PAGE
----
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Build Back Better? Better for whom?

Lego workers standing in rowsPhoto by Markus Spiske on Unsplash

“The rich run a global system that allows them to accumulate capital and pay the lowest possible price for labour. The freedom that results applies only to them. The many simply have to work harder, in conditions that grow ever more insecure, to enrich the few. Democratic politics, which purports to enrich the many, is actually in the pocket of those bankers, media barons and other moguls who run and own everything.”

Charles Moore


We’ve been down Alice’s rabbit hole in previous blogs, but we seem to be digging ever deeper as we wake every day into a seemingly ever more dystopian world where nothing is as it seems.

On one side of the coin, a world of poverty and inequity in which employment security and good wages are a thing of the past, children go hungry, our public services and infrastructure decay and the planet’s resources are plundered in a race to keep the wheels of capitalism on track, with catastrophic consequences.

And on the other side, a world of ‘sacrifice’ and ‘hard choices’ where politicians, institutions, and the media grind on relentlessly about levels of government borrowing, the evils of public debt and how we can pay it all back; as if sound finance should trump the well-being of human beings and the planet which gives them life.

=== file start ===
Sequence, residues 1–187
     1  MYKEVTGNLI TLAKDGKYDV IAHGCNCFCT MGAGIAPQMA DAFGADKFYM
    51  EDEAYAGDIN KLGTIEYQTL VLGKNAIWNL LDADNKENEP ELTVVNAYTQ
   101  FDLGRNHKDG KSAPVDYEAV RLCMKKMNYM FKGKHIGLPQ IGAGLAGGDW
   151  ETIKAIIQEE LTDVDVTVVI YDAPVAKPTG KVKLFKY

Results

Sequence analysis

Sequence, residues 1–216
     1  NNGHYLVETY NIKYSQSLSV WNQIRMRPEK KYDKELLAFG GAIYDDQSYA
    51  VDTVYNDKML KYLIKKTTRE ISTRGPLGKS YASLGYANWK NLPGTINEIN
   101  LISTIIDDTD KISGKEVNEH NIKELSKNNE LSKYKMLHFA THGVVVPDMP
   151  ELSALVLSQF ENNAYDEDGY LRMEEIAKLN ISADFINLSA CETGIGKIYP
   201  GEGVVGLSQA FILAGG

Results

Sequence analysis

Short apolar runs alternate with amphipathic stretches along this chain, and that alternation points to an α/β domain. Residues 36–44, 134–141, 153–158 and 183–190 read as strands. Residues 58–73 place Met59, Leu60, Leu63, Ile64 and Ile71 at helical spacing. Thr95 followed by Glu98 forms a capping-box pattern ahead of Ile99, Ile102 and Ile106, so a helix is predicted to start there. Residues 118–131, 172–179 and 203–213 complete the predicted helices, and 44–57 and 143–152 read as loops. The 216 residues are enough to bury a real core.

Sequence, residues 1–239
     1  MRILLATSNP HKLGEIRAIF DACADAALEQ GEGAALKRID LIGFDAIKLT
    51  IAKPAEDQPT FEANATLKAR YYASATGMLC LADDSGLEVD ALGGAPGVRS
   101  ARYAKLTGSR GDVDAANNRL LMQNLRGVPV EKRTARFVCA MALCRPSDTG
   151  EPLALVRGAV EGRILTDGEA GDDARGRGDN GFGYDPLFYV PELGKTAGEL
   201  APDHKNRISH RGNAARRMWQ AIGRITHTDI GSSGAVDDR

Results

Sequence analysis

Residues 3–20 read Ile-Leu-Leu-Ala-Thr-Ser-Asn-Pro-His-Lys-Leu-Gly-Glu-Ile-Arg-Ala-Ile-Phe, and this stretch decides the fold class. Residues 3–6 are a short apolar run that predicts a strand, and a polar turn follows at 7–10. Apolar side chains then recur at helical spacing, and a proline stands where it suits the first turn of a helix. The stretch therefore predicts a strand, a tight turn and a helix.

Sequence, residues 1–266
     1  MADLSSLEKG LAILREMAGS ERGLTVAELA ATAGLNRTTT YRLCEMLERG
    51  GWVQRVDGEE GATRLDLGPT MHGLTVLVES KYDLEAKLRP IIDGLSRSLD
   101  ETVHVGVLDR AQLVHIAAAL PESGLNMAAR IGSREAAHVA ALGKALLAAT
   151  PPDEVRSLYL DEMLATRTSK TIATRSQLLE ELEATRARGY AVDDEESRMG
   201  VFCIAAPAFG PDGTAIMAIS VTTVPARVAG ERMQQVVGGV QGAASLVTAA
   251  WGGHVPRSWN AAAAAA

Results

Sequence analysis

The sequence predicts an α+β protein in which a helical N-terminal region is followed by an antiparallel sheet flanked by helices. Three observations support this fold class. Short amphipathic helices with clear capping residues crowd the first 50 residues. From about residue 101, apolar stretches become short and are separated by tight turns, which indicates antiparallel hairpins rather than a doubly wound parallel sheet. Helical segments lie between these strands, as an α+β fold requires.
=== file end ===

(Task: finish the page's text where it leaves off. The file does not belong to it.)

This week in a speech to the London School of Economics, a bastion of economic orthodoxy, the Governor of the Bank of England, Andrew Bailey, said of the claim that the institution had ‘flouted the rules’ and ‘damaged its independence, by purchasing government debt and lowering the government’s cost of borrowing’, that such arguments ‘were entirely without merit’. He then went on to deny that what it was doing had any links to modern monetary theory.

This was a surprising conclusion to come to in the light of the recently published working paper An Accounting Model of the UK Exchequer’ authored by Andrew Barclay, Richard Tye and GIMMS associate member Neil Wilson. A paper which exposes the myth of the Bank of England’s so-called ‘independence’ and illustrates the central driving role of HM Treasury in the UK. It also uncovers the lie, perpetuated by the reigning economic orthodoxy, which professes that the government funds its spending as if it were like a business or a household.

Quite simply, the claim that the government has been forced to borrow vast sums to finance its response to the pandemic, which will have to be paid back in one way or another either through increased taxes or more austerity, does not stack up in the light of the evidence. The paper challenges the economic dogmas which have dictated government spending and policy for decades and sweeps away the myths and legends to reveal the truth about how the government really spends. As the authors so rightly note: